Photos by Nancy Cook (left and middle) and Nathaniel Wilder (right)
Location and Venue:
This course will begin with two nights at the Wrangell Mountains Center (WMC). The WMC is a private nonprofit institute whose mission is connecting people with wildlands through art, science and education in the Wrangell Mountains. The WMC's headquarters in the Old Hardware Store are located McCarthy, Alaska, in the heart of the Wrangell-St. Elias National Park and Preserve. From there students will travel deeper in the wilderness and raft down the Kennicott, Nizina, and Chitina Rivers to pull out in the town of Chitina, Alaska. This is a unique opportunity to experience and explore the largest national park in the U.S. Over 23% larger than Switzerland, Wrangell-St. Elias is world renowned for its wild landscapes, high peaks, massive glaciers and rivers, healthy ecosystems, and dramatic scenery as well as its unique cultural history.
McCarthy is approximately a seven hour drive from either Anchorage or Fairbanks (plus time for sightseeing, et cetera). It is possible to fly or arrange shuttles from Anchorage to McCarthy, and occasionally we can help arrange carpools for students, though we make no promises.
The Wrangell Mountains Center is pleased to contract with the locally experienced guiding company McCarthy River Tours and Outfitters to offer a safe, reasonably priced river adventure which includes all meals, safety equipment and dry suits for a maximum of nine student writers. Participants will need to bring their own tents, sleeping gear, and quality rain gear (just in case). A detailed packing list will be provided upon registration.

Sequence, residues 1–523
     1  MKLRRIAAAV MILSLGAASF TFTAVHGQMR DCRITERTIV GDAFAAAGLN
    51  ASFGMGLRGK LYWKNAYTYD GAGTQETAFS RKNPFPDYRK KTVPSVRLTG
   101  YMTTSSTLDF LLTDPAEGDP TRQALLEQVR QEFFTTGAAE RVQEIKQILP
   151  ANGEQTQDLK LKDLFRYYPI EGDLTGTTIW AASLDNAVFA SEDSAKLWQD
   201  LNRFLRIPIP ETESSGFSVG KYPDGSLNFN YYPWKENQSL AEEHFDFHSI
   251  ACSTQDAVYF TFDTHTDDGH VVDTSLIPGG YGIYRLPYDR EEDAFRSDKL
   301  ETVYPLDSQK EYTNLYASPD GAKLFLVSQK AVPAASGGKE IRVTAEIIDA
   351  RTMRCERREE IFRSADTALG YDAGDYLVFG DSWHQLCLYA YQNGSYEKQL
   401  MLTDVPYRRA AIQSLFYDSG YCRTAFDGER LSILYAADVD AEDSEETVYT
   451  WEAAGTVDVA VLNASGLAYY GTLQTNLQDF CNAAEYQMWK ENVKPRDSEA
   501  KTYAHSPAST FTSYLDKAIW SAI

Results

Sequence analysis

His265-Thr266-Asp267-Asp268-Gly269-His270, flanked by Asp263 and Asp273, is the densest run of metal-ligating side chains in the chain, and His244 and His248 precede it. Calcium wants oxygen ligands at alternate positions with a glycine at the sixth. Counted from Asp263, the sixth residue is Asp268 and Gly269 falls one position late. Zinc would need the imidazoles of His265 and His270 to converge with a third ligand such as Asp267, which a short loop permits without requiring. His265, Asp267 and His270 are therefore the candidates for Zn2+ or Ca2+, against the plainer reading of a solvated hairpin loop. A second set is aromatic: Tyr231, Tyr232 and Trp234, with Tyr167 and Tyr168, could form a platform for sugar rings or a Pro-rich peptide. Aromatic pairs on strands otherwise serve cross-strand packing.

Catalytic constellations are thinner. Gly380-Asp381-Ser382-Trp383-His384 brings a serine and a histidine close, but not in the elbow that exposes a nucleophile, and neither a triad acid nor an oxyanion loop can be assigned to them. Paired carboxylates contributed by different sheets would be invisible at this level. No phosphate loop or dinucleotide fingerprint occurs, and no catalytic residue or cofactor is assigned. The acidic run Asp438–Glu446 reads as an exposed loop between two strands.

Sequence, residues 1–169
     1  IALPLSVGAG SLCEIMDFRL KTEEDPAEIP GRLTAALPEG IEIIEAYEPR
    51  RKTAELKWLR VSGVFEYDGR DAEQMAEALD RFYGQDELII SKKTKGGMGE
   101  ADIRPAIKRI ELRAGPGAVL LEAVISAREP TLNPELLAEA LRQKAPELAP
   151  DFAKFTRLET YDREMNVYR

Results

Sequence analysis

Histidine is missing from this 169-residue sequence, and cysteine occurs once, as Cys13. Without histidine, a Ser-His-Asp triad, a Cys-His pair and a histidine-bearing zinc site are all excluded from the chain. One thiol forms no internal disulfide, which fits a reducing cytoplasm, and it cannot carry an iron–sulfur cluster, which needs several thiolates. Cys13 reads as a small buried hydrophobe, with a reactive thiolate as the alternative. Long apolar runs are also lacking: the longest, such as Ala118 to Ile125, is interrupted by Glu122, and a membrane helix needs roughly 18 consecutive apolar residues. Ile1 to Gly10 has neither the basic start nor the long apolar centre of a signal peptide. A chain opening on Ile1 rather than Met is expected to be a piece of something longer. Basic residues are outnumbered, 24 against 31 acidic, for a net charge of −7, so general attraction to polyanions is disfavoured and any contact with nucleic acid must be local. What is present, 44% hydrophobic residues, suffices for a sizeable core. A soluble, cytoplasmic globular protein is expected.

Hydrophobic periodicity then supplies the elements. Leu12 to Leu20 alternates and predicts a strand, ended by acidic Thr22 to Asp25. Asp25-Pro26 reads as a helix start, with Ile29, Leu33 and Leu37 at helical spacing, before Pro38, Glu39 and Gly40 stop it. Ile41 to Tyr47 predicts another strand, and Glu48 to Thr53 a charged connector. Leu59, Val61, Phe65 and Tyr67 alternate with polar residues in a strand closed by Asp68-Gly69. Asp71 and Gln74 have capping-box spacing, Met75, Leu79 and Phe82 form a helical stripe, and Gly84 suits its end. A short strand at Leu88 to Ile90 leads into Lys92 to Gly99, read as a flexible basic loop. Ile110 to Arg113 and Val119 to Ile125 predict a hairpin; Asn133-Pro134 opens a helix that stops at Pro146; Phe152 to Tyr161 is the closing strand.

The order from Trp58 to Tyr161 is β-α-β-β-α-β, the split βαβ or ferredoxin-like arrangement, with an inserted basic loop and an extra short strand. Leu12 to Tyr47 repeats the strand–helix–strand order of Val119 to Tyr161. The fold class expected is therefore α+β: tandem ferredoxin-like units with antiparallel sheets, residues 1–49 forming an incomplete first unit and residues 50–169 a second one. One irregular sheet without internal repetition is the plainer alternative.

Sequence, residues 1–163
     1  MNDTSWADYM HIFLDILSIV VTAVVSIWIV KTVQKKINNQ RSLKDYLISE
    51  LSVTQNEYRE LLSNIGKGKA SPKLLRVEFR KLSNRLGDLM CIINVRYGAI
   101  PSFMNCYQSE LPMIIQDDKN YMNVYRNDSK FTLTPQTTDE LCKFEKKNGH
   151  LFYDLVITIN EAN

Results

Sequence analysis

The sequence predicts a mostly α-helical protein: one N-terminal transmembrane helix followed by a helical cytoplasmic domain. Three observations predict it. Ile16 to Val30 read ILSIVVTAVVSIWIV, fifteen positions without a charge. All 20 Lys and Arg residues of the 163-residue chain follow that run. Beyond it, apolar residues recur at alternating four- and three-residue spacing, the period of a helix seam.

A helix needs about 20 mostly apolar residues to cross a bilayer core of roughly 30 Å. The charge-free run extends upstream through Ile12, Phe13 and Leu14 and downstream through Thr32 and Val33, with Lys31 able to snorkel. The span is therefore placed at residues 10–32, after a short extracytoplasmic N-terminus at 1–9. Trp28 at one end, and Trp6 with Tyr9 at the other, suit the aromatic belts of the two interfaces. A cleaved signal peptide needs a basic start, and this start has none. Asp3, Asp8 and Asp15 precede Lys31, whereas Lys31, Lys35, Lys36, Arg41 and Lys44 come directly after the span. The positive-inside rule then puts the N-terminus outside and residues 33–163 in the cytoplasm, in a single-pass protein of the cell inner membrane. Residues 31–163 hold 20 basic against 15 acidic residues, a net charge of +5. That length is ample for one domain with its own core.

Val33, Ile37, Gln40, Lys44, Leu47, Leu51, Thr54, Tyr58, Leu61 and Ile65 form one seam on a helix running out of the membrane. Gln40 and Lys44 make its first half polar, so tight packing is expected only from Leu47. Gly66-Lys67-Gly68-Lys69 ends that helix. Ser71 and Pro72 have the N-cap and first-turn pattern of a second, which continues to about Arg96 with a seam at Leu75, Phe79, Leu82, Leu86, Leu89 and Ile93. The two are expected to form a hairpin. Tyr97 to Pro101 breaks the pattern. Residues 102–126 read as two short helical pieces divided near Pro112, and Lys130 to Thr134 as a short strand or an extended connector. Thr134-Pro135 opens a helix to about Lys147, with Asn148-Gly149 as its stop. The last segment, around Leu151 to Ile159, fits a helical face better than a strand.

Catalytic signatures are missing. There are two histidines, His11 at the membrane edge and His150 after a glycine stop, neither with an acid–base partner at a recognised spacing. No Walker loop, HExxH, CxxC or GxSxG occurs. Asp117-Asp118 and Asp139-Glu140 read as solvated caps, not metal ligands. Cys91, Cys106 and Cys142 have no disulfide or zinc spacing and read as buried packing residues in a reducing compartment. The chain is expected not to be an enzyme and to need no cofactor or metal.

Schedule: Participants should plan to arrive in McCarthy in time to get settled in (at the lodge, at the campground, etc) in time for a 6:00 pm kickoff dinner on July 26th. The workshop ends mid-day July 31st after getting off the river.
Optional morning writing circles will be offered daily before breakfast and all meals will be taken together. A more detailed schedule will be provided with a welcome packet upon registration.
Cost: $845/person if you pay by June 1st. $895/person after June 1st. Current WMC Members receive a 10% discount (not applicable to the early bird price). The workshop price includes all meals, optional camping while in McCarthy, complete rafting services, and a shuttle from Chitina back to McCarthy. A deposit of $200 is due with registration. All fees paid, minus your deposit, will be refundable until June 1st; your deposit will be refunded only if we are able to fill your slot. The balance of fees is due 30 days before the workshop start date.
Register: To apply for this workshop, complete the attached form. Since space is limited, we are offering rolling admissions to assure a good mix of writers and musicians who share a passion for wilderness and creative collaboration. No wilderness nor musical experience is necessary, but applicants should embrace the potential discomforts of outdoor adventure and welcome the creative cross-pollination approach which serves as a foundation for this experimental workshop. If you prefer to register by phone or on paper please call Nate Anderson at 907-554-4464 or send us a message here.